March 14, 2013 CNN
After 22 years on death row, Debra Milke is close to freedom.
A jury convicted the Arizona woman, now 49, of murder, conspiracy to commit murder, child abuse and kidnapping on October 12, 1990, less than a year after her 4-year-old son was found dead.
A judge sentenced her to death a few months later.
But those convictions and the related sentence were tossed out Thursday by a federal appeals court judge. In explaining his decision, Chief Judge Alex Kozinski of the federal 9th Circuit Court of Appeals chided the prosecution for remaining "unconstitutionally silent" on the "history of misconduct" of its key witness, a Phoenix police detective.
"The Constitution requires a fair trial," Kozinski wrote. "This never happened in Milke's case."
Julius Caesar is assassinated
On March 15, 44 B.C. Julius Caesar, the "dictator for life" of the Roman Empire is murdered by his own senators at a meeting hall next to Pompey's Theatre. The conspiracy against Caesar encompassed as many as sixty noblemen, including Caesar's own protégé, Marcus Brutus.
March 14, 2013 Miami Herald
Jurors have begun deliberating in the case of a Hialeah man accused of targeting two black men and trying to run them over.
Prosecutors say Luis Gonzalez, still seething over being shot and wounded in Miami’s 1980 race riots, grew upset when he saw two young black men walking through a parking lot in a Hialeah parking lot in January 2012.
Angered because “they looked arrogant,” Gonzalez tried to reverse his pickup truck into Andy Alexander and Jarvis James. Fearing for their lives, James pulled a .22-caliber pistol from his pocket and shot Gonzalez in the neck.
“Two people minding their own business who got caught in the path of hatred,” prosecutor Breezye Telfair told jurors Thursday afternoon during closing arguments.
The truck plowed into a Palm Avenue funeral home. He initially told police that the two men robbed him. He later changed his story, saying he just wanted to scare the men.
March 14, 2013 Associated Press
PHOENIX - A prosecutor spent much of Wednesday pointing at Jodi Arias and angrily raising his voice, clearly frustrated with her unresponsive answers on the witness stand in her Arizona death penalty trial.
Arias concluded her testimony after more than six weeks. Trial was set to resume Thursday as defense attorneys call additional witnesses.
Arias is charged with first-degree murder in the June 2008 death of her lover in his suburban Phoenix home.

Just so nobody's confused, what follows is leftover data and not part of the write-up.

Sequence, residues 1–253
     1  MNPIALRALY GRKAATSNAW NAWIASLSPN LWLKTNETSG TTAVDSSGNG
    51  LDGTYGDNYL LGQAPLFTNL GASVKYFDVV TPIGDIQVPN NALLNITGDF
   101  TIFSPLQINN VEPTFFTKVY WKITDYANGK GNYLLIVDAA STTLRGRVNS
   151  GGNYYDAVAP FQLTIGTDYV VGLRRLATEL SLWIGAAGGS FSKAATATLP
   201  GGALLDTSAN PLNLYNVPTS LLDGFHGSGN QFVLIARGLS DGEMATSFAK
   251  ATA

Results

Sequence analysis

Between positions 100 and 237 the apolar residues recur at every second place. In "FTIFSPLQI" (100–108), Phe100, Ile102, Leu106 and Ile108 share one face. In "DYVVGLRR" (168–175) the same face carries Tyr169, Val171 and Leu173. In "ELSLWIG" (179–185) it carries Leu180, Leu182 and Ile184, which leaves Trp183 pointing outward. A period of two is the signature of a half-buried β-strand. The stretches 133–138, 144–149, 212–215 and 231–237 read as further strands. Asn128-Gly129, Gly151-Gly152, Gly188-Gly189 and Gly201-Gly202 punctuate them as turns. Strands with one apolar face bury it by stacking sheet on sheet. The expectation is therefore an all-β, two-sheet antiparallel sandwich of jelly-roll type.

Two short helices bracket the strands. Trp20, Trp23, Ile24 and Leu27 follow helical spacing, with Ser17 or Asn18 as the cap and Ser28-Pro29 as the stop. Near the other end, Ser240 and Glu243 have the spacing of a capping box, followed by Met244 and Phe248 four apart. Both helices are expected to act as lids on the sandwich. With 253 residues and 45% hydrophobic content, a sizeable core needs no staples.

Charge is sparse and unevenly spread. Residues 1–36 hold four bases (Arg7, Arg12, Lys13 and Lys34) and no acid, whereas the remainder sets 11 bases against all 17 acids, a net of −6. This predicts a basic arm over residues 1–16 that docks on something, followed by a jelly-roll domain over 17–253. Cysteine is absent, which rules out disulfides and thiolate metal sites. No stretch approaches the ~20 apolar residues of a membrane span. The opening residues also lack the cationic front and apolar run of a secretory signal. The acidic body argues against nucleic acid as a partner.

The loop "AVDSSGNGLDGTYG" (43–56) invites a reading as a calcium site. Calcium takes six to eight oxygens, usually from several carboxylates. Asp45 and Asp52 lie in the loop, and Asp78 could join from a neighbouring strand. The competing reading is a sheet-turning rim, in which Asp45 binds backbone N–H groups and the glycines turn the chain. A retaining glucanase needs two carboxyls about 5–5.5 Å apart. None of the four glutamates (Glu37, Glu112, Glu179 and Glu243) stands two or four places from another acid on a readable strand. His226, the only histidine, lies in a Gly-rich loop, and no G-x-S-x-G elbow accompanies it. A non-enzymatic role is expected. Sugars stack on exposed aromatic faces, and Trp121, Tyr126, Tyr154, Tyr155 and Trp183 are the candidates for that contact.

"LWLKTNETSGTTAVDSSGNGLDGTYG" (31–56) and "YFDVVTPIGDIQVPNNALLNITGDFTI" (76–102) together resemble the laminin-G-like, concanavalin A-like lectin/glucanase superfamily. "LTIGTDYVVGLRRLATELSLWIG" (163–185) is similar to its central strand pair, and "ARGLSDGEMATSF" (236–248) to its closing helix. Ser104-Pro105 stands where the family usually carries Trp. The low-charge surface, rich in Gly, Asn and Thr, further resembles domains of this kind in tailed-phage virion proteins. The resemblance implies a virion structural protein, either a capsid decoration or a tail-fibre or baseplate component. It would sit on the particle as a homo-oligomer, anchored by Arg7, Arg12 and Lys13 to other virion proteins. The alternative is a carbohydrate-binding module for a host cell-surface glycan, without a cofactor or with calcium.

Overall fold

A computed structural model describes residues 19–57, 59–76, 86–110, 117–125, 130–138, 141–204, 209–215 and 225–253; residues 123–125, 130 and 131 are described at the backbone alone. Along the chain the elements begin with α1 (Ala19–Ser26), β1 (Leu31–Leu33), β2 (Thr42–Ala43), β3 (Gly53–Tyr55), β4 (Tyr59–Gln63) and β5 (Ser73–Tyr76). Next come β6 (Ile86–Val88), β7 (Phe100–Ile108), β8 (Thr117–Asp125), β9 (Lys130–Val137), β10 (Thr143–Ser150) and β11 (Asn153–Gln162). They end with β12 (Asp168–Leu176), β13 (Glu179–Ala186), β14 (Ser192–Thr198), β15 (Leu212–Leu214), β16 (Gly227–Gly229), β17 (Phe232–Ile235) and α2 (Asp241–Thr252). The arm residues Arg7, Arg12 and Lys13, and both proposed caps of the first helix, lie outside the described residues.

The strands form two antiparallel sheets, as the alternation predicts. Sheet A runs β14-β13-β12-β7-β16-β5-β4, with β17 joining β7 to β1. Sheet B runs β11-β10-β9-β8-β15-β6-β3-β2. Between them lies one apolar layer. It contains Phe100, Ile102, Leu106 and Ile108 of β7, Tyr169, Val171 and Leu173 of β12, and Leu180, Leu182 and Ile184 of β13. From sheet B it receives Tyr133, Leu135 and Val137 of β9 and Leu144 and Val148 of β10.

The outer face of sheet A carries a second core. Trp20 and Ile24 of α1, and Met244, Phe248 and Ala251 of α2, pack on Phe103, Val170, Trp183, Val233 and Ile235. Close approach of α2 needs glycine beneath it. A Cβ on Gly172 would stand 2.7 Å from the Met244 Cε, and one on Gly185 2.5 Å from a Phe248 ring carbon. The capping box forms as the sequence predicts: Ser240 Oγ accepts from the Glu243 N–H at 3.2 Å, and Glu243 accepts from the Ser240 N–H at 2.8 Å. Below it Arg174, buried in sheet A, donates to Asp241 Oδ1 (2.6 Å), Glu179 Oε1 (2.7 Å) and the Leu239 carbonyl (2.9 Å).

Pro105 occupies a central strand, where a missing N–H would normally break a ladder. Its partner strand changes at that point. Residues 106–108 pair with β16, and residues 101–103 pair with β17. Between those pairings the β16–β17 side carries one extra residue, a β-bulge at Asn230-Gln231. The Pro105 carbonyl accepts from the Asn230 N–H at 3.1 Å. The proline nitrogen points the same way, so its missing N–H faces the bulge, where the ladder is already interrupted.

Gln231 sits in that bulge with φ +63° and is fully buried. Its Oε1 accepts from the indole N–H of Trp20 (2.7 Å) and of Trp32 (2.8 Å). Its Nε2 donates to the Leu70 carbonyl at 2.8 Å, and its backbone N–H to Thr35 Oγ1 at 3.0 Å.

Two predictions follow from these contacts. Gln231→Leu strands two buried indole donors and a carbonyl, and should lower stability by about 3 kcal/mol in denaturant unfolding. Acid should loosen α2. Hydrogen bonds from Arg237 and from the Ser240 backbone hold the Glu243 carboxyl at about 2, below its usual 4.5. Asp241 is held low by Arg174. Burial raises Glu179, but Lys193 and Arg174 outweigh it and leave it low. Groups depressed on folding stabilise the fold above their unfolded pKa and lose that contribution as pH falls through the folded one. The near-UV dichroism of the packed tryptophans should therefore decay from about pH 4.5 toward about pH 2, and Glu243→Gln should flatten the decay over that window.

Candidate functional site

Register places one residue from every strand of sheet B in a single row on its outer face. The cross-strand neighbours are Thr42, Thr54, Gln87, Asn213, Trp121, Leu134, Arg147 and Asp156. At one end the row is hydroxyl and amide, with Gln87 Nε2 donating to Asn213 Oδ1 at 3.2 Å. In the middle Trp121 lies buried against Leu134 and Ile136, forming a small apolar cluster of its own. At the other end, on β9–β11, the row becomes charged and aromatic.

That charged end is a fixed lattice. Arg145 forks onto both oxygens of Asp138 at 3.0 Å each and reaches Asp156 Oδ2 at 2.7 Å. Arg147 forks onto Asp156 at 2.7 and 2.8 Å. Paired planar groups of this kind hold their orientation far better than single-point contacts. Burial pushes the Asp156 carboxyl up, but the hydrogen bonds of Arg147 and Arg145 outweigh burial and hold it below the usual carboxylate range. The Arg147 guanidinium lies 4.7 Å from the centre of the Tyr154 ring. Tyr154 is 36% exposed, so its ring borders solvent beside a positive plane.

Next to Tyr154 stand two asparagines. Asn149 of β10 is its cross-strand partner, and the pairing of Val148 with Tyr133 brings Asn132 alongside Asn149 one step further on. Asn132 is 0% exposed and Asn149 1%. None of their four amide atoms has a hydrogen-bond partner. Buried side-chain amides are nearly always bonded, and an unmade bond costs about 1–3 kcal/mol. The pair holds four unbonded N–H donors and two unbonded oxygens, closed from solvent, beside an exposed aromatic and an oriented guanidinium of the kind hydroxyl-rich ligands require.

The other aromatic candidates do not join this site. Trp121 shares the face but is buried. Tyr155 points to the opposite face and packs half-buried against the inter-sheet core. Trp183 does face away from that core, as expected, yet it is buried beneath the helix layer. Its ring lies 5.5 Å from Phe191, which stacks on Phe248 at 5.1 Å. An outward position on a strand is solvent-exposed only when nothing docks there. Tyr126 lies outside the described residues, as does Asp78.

She testified for 18 days during which she described her abusive childhood, cheating boyfriends, dead-end jobs, a raunchy sexual relationship with the victim and her contention that Travis Alexander had grown physically abusive in the months leading to his death, once even choking her into unconsciousness.
Authorities say she planned Alexander's killing in a jealous rage, but Arias says it was self-defense when he attacked her after a day of sex.
On March 14, 1964, Jack Ruby, the Dallas nightclub owner who shot and killed Lee Harvey Oswald (the accused assassin of President John F. Kennedy) is found guilty and sentenced to die in the electric chair. It was the first courtroom verdict to be televised in U.S. history.
March 13, 2013 Associated Press
CAIRO — The highest-level inquiry into the deaths of nearly 900 protesters in Egypt's uprising has concluded that police were behind nearly all the killings and used snipers on rooftops overlooking Cairo's Tahrir Square to shoot into the huge crowds.
The report, parts of which were obtained by The Associated Press, is the most authoritative and sweeping account of the killings and determines that the deadly force used could only have been authorized by Hosni Mubarak's security chief, with the ousted president's full knowledge.
The report of the fact-finding commission, created by Islamist President Mohammed Morsi, could weigh heavily in the upcoming retrial of Mubarak, as well as his security chief, former Interior Minister Habib el-Adly, and six top police commanders. It is likely also to fuel calls for reforming the powerful security forces and lead to prosecutions of members of the police force.
The findings were leaked at a sensitive time for the country's police. Still hated by most Egyptians, the force is in upheaval, with segments of police on strike and its chief, Interior Minister Mohammed Ibrahim, pleading not to drag it into politics. The force is also facing a challenge from Islamist groups threatening to set up "popular committees" to fill what they call a security vacuum created by the police strike.
March 13, 2013 Associated Press
ALBUQUERQUE, N.M. — Mary Han was a successful civil rights attorney who for decades battled over the rights of abused women, accused prostitutes and the homeless. In the close-knit Albuquerque legal community, she was known as a spitfire whose fervor was often directed at one entity in particular: The city's troubled police department.
Now, more than two years after Han was found dead in her garage in what authorities deemed a suicide, the department is under scrutiny amid questions over whether officers mishandled the investigation into the death of their former adversary.
The state attorney general's office is looking into the matter. It has also asked federal officials, who last year launched a civil rights probe into the department's high number of police shootings, to look at the case.
Han's relatives, meantime, have sued the city — along with the police chief, public safety director and more than a dozen officers and investigators — alleging shoddy police work resulted in a flawed investigation. More so, they question whether police failed to look at other explanations for the feisty and notoriously foul-mouthed attorney's death.